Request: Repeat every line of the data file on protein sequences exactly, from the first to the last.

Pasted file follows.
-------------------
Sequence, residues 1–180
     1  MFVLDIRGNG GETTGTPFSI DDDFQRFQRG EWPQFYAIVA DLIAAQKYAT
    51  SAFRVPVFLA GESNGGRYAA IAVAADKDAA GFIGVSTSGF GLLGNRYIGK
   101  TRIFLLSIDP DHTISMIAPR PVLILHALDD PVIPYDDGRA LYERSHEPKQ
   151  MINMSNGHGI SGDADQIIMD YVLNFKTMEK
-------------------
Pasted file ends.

Sequence, residues 1–180
     1  MFVLDIRGNG GETTGTPFSI DDDFQRFQRG EWPQFYAIVA DLIAAQKYAT
    51  SAFRVPVFLA GESNGGRYAA IAVAADKDAA GFIGVSTSGF GLLGNRYIGK
   101  TRIFLLSIDP DHTISMIAPR PVLILHALDD PVIPYDDGRA LYERSHEPKQ
   151  MINMSNGHGI SGDADQIIMD YVLNFKTMEK